Posted in Uncategorized, tagged about new york, jay hunter morris, jim dwyer, Luna & Stella, master class, music, nyt, opera, paris texas, peter gelb, play, ring cycle, siegfried, star is born, theater, wagner on November 18, 2011 |
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I love stories like this one in today’s NY Times, “Out of the Spotlight, Until the Met Needed a Tenor.”
Jim Dwyer writes in his About New York column, “Until a few weeks ago, Jay Hunter Morris had spent much of his early 40s in the invisible universe of the backup opera singer, a life that included selling Rollerblades in Central Park and passing out towels at gyms.
“Then he got The Call.
“ ‘We were in a rehearsal room, doing the understudy rehearsal,’ Mr. Morris said.
“Waiting for him was Peter Gelb, the general manager of the Metropolitan Opera. Mr. Gelb needed a tenor, and fast, to take on what people in opera say is one of the most demanding roles ever written: Siegfried, the hero of the third part of Wagner’s ‘Ring’ cycle, a five-and-a-half-hour production. The role had eaten up two tenors before opening night, with the second falling ill with less than two weeks to go. …
“ ‘Mr. Gelb looked me in the eye and said, “Can you do this?” ‘ Mr. Morris recalled. ‘I said, “Yes, I can.” ‘ He nodded … “O.K., I’m going to give you a chance.” ‘ ”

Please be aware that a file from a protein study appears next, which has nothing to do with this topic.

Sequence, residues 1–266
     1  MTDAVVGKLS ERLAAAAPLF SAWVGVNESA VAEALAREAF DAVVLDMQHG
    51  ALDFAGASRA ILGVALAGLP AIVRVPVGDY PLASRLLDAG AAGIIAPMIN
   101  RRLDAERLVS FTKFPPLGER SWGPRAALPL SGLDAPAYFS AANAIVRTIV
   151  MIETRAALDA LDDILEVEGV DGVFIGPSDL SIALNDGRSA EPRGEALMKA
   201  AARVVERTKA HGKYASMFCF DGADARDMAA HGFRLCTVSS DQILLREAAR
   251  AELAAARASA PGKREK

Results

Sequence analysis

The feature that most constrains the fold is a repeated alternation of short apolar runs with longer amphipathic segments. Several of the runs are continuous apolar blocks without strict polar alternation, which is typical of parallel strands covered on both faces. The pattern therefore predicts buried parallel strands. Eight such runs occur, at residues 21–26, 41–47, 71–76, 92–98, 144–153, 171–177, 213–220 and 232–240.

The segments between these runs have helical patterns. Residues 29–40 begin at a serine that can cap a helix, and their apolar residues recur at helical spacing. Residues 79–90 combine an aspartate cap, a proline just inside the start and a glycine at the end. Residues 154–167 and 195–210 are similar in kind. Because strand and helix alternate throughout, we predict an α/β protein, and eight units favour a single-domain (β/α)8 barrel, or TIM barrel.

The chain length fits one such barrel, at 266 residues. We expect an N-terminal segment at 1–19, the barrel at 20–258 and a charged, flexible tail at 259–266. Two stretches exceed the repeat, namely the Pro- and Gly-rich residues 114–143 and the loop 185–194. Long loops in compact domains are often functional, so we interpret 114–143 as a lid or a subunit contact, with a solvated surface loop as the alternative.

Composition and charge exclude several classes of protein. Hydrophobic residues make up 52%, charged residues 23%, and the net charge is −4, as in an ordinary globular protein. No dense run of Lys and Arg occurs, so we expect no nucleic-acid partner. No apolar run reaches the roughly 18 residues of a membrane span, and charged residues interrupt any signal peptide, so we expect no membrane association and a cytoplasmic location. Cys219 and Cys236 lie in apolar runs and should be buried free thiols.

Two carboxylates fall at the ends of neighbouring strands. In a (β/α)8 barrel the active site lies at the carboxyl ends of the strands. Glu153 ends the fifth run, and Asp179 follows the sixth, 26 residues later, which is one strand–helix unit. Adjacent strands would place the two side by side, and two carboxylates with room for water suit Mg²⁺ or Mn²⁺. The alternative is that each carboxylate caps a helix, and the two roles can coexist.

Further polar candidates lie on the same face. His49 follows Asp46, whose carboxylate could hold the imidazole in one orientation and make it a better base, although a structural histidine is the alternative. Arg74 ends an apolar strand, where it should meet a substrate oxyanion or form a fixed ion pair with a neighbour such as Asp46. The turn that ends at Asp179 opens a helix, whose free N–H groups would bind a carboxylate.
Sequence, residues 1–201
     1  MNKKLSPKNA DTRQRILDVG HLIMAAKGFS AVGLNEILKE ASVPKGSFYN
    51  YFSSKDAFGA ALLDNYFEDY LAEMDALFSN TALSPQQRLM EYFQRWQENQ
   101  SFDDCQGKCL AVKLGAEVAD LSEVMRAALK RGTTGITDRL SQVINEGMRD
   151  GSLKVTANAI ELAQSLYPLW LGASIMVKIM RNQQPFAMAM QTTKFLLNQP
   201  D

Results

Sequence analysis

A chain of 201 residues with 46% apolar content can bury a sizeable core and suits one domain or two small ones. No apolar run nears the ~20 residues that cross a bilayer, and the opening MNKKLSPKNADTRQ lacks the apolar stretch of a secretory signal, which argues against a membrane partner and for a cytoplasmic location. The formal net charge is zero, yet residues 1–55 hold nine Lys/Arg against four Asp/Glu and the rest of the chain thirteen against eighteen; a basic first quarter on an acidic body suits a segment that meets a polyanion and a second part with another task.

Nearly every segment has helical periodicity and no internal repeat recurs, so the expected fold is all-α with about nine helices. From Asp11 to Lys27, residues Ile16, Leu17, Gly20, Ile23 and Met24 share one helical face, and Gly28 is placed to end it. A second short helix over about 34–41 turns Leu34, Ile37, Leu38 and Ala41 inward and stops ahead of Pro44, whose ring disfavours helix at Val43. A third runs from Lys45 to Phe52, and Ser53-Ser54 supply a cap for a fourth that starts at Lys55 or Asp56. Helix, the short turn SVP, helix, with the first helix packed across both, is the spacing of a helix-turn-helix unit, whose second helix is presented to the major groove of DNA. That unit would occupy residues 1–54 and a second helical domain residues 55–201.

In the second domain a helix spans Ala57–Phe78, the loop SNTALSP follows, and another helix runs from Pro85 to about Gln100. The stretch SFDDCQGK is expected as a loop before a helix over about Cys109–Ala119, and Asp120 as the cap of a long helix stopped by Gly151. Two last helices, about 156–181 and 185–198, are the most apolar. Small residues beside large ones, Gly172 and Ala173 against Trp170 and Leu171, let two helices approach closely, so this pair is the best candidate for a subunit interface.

A star was born.
P.S. Got any young stars graduating from the middle school musical to, say, community theater? Consider a gift like this one from Suzanne’s company, Luna & Stella.
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Posted in Uncategorized, tagged antrim players, ben brantley, cagney and lacy, gypsy, James Daly, mama rose, maria callas, master class, suffern, summer stock, tyne daly on July 15, 2011 |
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I am a huge fan of Tyne Daly, the actress. I enjoyed her on the TV series “Cagney and Lacy,” was blown away by her Mama Rose in the musical ”Gypsy,” and am not at all surprised by Ben Brantley’s July 8, 2011, glowing review of her portrayal of Maria Callas in “Master Class.”
He writes, “Ms. Daly transforms that script into one of the most haunting portraits I’ve seen of life after stardom.”
But I was not always a fan. No way. Not when Tyne was taking all the ingenue roles at the Jr. Antrim Players in Suffern and a cute guy I knew was always drooling about “Time for Tyne.”
Nope. Starting with Gilbert & Sullivan’s “HMS Pinafore,” in which I was crummy ol’ Cousin Hebe, Tyne snared all the lead roles. We girls in wallflower parts would hiss to one another with resentful envy, “Of course, she comes from a theater family,” and ”Her father is James Daly,” and “The whole family does summer stock.” We didn’t like to admit that Tyne was also very comfortable and capable on the stage, had a sweet voice, and was pretty.
Fortunately we grew up and learned to give credit where credit is due.
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